6 Books for Celebrating Earth Day with Children

When Earth Day rolls around, I feel like I need to shine a special little light on all things green. Sure, we recycle in our house, we turn the lights off when we leave a room, and love talking about the creatures of the world and how we respect the earth. But… EARTH DAY! A day dedicated to appreciating, recognizing, and pampering our world. That deserves a little something extra, right? That’s why this year, I hit the library and found six amazing books to help celebrate Earth Day with children in a positive, inspiring, and educational way.

6 Books for Celebrating Earth Day with Children

6 Children's Books Earth Day

Recycle! A Handbook for Kids
By: Gail Gibbons

Gail Gibbons is a great go to nonfiction author for children’s books. When I found out she had a book on recycling, I got it THAT DAY. This is the perfect book for explaining the hows and whys of recycling. The best part is, you can stick to the main text for younger children and add in the labels, and additional text on the page for a more in depth study when they’re ready. This is a pretty information centered book, but the pictures and language make it completely appropriate for some advanced preschoolers and definitely great for young school age kids.

Clifford’s Spring Clean-Up
By: Norman Bridwell

This is truly one of the books in our regular bedtime story routine. I’m a pretty big fan of Clifford books, ergo my kids are fans of Clifford. What I love about Clifford’s Spring Clean-Up is the simple, clear approach on giving to the community. It is a great fit for any spring cleaning you might want to encourage, and adds Clifford’s well intentioned disasters for a little comic relief. This book is positive, simple, and has a complete list of ideas specific to Earth Day in the back. Perfect for preschool age readers.

Curious George Plants a Tree
By: Margret and H.A. Rey

Follow everyone’s favorite monkey on an Earth Day friendly adventure. He and the man with the yellow hat are invited to a “green day” celebration at the museum. George gets a little carried away collecting paper for recycling and shenanigans and good green lessons follow. A familiar character and simple text, make this a great fit for preschool and primary readers. There is also a list of kid and earth friendly tips at the end. A great conversation tool for families.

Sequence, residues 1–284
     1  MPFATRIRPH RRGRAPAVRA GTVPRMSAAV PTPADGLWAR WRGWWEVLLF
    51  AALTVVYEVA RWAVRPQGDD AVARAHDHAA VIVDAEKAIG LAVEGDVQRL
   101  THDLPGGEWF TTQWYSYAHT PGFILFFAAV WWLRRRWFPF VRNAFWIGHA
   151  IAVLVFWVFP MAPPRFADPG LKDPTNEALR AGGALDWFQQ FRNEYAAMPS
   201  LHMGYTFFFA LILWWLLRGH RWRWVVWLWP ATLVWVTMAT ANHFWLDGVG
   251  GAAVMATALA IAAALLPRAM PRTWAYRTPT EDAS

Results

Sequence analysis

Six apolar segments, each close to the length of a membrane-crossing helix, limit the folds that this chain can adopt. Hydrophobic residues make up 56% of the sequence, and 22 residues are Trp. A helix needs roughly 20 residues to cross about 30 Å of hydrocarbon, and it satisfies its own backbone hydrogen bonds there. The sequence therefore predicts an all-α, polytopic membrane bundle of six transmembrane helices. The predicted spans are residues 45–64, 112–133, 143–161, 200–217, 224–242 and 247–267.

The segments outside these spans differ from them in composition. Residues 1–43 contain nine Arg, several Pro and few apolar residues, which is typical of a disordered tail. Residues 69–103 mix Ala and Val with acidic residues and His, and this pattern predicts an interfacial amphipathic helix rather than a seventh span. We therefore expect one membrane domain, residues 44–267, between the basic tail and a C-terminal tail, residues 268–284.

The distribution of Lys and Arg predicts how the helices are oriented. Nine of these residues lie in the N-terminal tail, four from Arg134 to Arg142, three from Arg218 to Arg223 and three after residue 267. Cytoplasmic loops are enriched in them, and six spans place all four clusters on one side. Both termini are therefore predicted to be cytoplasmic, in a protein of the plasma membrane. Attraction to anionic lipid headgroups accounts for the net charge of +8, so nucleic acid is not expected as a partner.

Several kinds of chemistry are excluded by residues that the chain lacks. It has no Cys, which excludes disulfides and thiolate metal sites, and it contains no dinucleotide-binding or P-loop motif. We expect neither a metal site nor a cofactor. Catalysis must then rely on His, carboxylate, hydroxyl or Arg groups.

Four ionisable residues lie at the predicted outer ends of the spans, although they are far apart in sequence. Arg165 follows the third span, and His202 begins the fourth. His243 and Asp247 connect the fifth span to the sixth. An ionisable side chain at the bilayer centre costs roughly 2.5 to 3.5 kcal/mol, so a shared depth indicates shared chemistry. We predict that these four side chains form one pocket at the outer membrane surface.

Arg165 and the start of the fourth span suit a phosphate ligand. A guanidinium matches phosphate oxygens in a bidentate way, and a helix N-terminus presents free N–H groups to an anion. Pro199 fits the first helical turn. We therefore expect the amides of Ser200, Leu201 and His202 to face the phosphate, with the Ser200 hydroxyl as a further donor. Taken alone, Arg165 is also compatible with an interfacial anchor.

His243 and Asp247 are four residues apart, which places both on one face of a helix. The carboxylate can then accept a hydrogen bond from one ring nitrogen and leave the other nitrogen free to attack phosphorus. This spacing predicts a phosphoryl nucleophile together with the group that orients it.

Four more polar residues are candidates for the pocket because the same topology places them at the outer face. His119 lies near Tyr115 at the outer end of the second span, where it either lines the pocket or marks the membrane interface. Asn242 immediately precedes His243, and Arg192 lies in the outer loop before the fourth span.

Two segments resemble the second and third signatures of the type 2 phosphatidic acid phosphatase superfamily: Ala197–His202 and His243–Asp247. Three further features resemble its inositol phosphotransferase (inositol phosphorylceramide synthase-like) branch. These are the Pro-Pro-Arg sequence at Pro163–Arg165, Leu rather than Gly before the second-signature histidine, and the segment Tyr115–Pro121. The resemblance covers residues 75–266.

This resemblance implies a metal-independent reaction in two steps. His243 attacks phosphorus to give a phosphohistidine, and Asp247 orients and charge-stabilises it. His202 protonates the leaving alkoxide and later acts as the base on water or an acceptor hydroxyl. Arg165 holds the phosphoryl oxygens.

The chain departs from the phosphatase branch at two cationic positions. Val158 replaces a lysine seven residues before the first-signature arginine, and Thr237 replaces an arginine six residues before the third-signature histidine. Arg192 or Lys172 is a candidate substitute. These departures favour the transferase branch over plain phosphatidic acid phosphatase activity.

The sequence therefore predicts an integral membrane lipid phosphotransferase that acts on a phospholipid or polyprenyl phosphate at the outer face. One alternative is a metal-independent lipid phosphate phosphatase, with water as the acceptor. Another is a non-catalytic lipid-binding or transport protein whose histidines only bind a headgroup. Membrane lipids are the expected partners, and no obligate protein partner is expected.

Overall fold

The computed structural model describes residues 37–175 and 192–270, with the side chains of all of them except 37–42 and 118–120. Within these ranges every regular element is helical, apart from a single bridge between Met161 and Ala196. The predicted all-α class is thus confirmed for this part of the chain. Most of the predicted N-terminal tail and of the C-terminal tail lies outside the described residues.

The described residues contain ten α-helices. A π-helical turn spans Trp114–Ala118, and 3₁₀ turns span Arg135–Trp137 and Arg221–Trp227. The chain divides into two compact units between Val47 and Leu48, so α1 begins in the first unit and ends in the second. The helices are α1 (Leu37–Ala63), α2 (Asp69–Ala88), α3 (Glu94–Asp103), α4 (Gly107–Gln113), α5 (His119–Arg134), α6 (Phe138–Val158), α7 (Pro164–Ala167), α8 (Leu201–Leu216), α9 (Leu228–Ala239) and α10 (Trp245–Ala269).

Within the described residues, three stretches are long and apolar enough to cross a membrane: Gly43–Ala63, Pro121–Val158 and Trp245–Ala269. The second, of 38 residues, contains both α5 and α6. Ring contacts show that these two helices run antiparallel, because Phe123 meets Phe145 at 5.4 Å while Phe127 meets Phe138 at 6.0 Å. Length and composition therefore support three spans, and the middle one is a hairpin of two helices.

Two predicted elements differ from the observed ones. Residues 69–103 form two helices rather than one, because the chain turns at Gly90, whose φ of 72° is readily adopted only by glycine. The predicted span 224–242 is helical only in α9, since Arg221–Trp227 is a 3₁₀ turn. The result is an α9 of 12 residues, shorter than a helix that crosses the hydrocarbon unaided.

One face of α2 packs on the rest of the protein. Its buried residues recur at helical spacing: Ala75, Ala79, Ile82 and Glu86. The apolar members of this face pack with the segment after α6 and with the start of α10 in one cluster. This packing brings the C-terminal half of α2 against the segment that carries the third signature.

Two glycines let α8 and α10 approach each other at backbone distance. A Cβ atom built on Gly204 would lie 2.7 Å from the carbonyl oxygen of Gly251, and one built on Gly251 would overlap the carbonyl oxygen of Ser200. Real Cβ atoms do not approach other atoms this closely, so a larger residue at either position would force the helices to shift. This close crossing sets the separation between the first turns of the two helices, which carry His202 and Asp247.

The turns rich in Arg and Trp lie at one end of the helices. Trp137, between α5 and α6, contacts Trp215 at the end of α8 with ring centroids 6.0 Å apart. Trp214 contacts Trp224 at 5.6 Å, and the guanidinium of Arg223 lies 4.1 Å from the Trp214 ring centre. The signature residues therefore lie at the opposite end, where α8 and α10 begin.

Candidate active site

Almost Gone: The World’s Rarest Animals
By: Steve Jenkins

You might recognize this author’s name from What Do You Do With a Tail Like This?, another great book about animals. Almost Gone profiles many endangered animals sharing facts about the animal and potential causes for their drop in population. Extinction is a pretty big (and not always happy to think about) topic, but I appreciate how Jenkins takes the time to highlight animals making a comeback too. This is listed as a good fit for ages 5 – 9. It might get a little long for younger end of that spectrum, but could be broken up into segments. 

Pond Circle
By: Betsy Franco

This isn’t a book geared towards Earth Day specifically, but a story that lends itself to appreciating the intricate life cycles in our world. Written in a similar style to the classic children’s story The House That Jack Built, this book begins with the green algae in the pond and paints a picture of the wildlife in and around a pond that is absolutely mesmerizing. You can use this book as a tool to guide conversations about what human interaction does to the existing cycles of the animal world and what our responsibility is in preserving nature as we enjoy its majesty. A good read for most any preschool or school age child. There is something for everyone to like in this one. 

Planting a Rainbow
Lois Ehlert

What better way to celebrate Earth Day than reading about and planting beautiful flowers for spring! Planting a Rainbow has become a board book classic. Yes, a board book. While it’s available in paperback, the board book is easy to find and also harder for toddlers and young preschoolers to destroy. In our home, board books aren’t labeled as just “baby books” which means my almost 5 year old can enjoy Planting a Rainbow as much as my almost 2 year old. You can read this book, and set up your own Earth Day project of planting flowers. Maybe you’ll plant bulbs for the fall or just some spring pansies. Either way, you’ll be beautifying and sprucing up the Earth.

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